Said Abigail Disney — grandniece of Walt Disney, "a titan in the documentary world" — who was the executive director of “Jihad Rehab,” called it “freaking brilliant” in an email to the director, then disavowed it.

She is quoted in "Sundance Liked Her Documentary on Terrorism, Until Muslim Critics Didn’t/The film festival gave Meg Smaker’s 'Jihad Rehab' a coveted spot in its 2022 lineup, but apologized after an outcry over her race and her approach" (NYT).

Advised by a PR firm to apologize, the director Meg Smaker said "What was I apologizing for? For trusting my audience to make up their own mind?"

Smaker spent 16 months inside a Saudi rehabilitation facility interviewing former Guantánamo detainees.

The attacks came from what  the NYT characterizes as "the left":

Arab and Muslim filmmakers and their white supporters accused Ms. Smaker of Islamophobia and American propaganda. Some suggested her race was disqualifying, a white woman who presumed to tell the story of Arab men.

The filmmaker Assia Boundaoui, said: "To see my language and the homelands of folks in my community used as backdrops for white savior tendencies is nauseating. The talk is all empathy, but the energy is Indiana Jones."

September 24, 2022

An overcast sunrise today.


Talk about whatever you want in the comments.

"Vladimir Putin and Donald Trump, long entwined, continue on vile parallel paths: They would rather destroy their countries than admit they have lost."

"They have each created a scrim of lies to justify lunatic personal ambition.... As our ancestors did, the Ukrainians are fighting an abusive overlord, against all odds, for democracy. It’s especially inspiring as a split screen with Trump and his MAGA forces trying to bulldoze democracy and rip away women’s rights. The Ukrainians are battling for a luminous ideal — unlike Trump and Putin, who are smashing a luminous ideal for their own benefit, driven by their dread of being called losers. Both thugs are getting boxed in, Trump by a bouquet of investigations into his chicanery and Putin by an angry public pushback against his bloody vanity war.... Both Putin and Trump are famous for accusing everyone else of their own sins.... It would be poetic justice to think the walls were closing in on Putin and Trump at the same time, because at some point, all this will become unsustainable...."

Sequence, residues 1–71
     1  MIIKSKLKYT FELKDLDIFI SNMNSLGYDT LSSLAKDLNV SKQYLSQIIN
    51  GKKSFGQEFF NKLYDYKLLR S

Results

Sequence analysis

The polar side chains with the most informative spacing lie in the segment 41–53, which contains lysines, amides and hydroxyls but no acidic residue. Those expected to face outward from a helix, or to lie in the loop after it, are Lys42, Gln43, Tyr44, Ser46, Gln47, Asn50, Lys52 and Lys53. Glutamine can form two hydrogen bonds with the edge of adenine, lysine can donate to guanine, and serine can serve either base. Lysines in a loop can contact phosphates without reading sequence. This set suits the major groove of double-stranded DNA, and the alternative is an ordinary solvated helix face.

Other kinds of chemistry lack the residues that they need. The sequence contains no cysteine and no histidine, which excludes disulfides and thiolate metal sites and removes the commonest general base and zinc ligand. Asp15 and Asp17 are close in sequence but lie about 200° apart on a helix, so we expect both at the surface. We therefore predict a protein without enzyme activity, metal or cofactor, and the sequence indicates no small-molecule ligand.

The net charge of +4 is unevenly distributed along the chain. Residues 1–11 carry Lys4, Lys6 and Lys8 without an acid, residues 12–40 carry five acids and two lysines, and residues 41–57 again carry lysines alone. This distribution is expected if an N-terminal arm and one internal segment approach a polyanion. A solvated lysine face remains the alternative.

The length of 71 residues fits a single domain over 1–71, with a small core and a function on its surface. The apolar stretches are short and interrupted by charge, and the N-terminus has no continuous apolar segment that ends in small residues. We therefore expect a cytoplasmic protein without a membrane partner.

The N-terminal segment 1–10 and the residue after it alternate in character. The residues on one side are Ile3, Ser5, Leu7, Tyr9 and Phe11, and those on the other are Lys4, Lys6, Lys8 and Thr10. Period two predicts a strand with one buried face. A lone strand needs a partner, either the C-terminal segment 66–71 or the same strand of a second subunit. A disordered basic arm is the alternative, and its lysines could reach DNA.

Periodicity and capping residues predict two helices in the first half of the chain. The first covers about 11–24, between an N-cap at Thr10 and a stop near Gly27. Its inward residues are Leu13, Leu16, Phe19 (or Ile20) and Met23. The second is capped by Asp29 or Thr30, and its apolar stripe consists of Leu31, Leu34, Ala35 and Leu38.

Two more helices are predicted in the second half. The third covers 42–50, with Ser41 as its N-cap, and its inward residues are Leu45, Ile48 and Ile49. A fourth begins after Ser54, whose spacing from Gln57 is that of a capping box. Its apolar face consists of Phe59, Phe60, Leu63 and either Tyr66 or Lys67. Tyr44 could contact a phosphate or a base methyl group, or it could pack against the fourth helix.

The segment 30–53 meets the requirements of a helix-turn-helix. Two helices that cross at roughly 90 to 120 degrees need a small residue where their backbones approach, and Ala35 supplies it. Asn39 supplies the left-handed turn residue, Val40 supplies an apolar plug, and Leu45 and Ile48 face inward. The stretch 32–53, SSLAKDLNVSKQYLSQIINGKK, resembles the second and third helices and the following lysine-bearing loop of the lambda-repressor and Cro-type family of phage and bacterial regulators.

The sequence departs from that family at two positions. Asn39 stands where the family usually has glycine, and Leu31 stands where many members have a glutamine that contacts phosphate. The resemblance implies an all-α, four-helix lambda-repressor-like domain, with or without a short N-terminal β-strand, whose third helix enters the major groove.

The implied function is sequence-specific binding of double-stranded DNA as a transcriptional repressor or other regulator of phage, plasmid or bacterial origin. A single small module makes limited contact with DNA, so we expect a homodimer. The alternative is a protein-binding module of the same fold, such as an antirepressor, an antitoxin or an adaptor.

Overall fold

Maureen Dowd, in "Solo Soulless Saboteurs" (NYT).

Would it be poetic justice for the walls to close in on Putin and Trump at the same time for the same reasons?

From Wikipedia:

"[T]he incident once again highlighted the increasing man-animal conflict in India."

Economic Times reports on this viral video:

"I don’t know that there should be a common Latinx identity. This identity is rooted in land and geography when it should..."

"... be rooted in understanding settler colonialism in the Americas. I would be invested in a political Latinidad that first and foremost fought for indigenous sovereignty and black liberation. If it doesn’t do that, I don’t see the purpose...."

Said Alan Pelaez Lopez, a Zapotec cultural critic, artist, and academic, one of the 6 participants in a conversation at "The Problem With Latinidad/A growing community of young, black, and indigenous people are questioning the very identity underpinning Hispanic Heritage Month" (The Nation).

"Racial preferences should now be thought of like chemotherapy, a cure that can cause side effects that should be applied judiciously."

"We’ve applied the cure long past that point, and have drifted toward an almost liturgical conception of diversity that makes less sense by the year. In a 2003 Supreme Court ruling, Justice Sandra Day O’Connor, writing for the majority, said, 'we expect that 25 years from now, the use of racial preferences' in the university admissions context 'will no longer be necessary.' That was considered resonantly wise at the time. But now we have only about six years to go. Folks, it’s time."

Writes John McWhorter in "Stop Making Asian Americans Pay the Price for Campus Diversity" (NYT). 

McWhorter is anticipating the Supreme Court cases Students for Fair Admissions v. President & Fellows of Harvard College and Students for Fair Admissions v. University of North Carolina. Oral argument in those cases is scheduled for October 31st — Halloween.

"Has anyone ever won an Oscar for showing so little expression?"